My favorite part of flying is the takeoff, and it goes from that to the leveling out segment, and then the landing. I love to fly and am not nervous about it at all. But when I read this report of commercial pilots being sound asleep as they approached Denver in an Airbus jet, inwardly I yelped. What? How could this be?
A pair of commercial pilots fell asleep in the cockpit on their way to Denver in 2004 and sped toward the airport at twice the speed allowed, according to an anonymous report by the captain on a federal safety Web site.The unnamed pilot of the “red eye” flight said he woke up to frantic calls from air traffic controllers and landed without a problem.
(I snapped this picture recently on my return trip from Portland. I believe we were ready to land at Sacramento here.)
The ASRS self-reporting site reveals details of the harrowing near disaster.
A commercial pilot had recently switched schedules to flying three “red eyes” in a row between Denver and Baltimore with only one hour in between flights. On March 4, 2004, during the third late-night flight, the pilot and his first officer were approaching Denver in an A319 Airbus jet — about the size of a Boeing 737 — and they were fast asleep.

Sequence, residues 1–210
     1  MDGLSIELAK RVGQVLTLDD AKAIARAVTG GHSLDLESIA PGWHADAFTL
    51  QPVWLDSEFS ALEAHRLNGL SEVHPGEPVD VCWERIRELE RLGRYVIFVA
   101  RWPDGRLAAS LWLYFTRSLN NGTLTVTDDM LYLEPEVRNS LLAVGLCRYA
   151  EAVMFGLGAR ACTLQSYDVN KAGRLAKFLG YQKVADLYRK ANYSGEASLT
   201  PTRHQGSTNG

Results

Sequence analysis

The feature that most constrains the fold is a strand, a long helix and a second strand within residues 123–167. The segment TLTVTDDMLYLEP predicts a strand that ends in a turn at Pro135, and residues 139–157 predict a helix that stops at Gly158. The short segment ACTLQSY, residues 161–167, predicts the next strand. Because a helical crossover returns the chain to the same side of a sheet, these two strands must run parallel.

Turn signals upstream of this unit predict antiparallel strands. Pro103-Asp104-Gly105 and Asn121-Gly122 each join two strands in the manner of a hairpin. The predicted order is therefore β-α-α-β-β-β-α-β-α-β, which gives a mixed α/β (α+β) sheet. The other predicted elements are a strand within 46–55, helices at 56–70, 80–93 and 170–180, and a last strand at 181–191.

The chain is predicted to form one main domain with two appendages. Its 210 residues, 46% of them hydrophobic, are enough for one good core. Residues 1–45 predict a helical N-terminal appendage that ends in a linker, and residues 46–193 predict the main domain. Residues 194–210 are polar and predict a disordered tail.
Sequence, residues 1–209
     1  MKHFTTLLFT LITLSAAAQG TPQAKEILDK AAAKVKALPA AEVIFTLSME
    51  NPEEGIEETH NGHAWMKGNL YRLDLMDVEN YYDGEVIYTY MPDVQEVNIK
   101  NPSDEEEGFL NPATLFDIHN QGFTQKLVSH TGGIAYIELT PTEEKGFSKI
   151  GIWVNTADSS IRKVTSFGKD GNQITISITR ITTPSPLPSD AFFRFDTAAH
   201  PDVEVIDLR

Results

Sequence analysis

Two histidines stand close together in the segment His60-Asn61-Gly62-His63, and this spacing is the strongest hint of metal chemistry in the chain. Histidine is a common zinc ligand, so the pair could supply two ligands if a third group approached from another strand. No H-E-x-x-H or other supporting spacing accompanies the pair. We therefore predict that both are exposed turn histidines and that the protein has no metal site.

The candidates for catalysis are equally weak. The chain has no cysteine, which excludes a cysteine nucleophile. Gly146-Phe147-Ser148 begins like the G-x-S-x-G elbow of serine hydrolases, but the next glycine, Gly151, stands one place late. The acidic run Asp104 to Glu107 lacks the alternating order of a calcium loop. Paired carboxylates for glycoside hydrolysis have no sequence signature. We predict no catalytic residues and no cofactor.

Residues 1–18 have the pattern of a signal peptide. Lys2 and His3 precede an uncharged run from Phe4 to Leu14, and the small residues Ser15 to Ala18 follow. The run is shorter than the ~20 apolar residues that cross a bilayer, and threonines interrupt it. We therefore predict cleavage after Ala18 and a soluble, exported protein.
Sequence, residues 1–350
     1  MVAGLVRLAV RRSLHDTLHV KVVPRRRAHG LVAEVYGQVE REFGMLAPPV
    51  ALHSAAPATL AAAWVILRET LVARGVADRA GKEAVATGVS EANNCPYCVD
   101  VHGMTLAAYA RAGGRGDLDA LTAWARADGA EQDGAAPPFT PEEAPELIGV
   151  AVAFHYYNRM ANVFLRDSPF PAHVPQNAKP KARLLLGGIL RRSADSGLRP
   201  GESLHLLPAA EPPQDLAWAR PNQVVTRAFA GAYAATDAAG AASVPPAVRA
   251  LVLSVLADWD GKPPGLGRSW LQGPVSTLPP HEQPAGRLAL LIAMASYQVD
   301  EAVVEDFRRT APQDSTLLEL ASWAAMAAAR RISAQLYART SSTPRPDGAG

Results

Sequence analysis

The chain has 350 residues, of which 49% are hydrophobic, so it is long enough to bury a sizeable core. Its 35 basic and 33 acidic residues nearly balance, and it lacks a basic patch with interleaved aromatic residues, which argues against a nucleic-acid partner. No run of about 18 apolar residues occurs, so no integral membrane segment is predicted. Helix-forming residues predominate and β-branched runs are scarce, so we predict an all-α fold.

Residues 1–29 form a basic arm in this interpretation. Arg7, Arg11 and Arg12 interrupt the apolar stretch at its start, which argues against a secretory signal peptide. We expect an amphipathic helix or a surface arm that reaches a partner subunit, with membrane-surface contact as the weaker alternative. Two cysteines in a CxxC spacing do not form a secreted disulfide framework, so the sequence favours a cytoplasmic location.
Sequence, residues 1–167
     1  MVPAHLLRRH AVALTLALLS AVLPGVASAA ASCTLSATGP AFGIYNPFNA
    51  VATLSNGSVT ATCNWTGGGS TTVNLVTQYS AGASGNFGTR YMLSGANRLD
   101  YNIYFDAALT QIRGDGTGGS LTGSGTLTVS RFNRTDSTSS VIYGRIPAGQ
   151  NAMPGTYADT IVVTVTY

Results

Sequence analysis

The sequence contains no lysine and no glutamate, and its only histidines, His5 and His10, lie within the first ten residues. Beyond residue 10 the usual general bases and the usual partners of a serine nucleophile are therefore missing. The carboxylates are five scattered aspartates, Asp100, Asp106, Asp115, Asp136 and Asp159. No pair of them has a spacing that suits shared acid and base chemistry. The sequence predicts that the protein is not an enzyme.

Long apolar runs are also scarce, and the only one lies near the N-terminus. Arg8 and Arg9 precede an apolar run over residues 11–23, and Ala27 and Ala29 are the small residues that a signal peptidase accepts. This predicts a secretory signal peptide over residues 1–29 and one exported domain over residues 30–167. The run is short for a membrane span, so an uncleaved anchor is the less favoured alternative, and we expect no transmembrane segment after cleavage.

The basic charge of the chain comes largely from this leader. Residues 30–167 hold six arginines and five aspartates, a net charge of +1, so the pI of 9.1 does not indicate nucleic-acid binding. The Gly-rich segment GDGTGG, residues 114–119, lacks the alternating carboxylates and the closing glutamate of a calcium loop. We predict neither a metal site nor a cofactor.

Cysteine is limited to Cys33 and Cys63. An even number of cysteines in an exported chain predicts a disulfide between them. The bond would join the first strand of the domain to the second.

“LAST 45 MINS OF FLT I FELL ASLEEP AND SO DID THE FO,” or first officer, a one-paragraph report in a NASA-run public reporting system says.
“MISSED ALL CALLS FROM ATC (air-traffic controller),” the report continues, saying that the plane was supposed to be traveling at less than 290 mph, but they were moving at a clip of about 590 mph.
“I WOKE UP, WHY I DON’T KNOW, AND HEARD FRANTIC CALLS FROM ATC. … I ANSWERED ATC AND ABIDED BY ALL INSTRUCTIONS TO GET DOWN. WOKE FO UP,” the report says, adding that he then followed all the controller’s instructions, “AND LANDED WITH NO FURTHER INCIDENTS.”
Unbelievable, I say. Makes me slightly less confidence about boarding those beautiful birds and plunging into the sky.
(Approaching Las Vegas on Southwest Airlines plane.)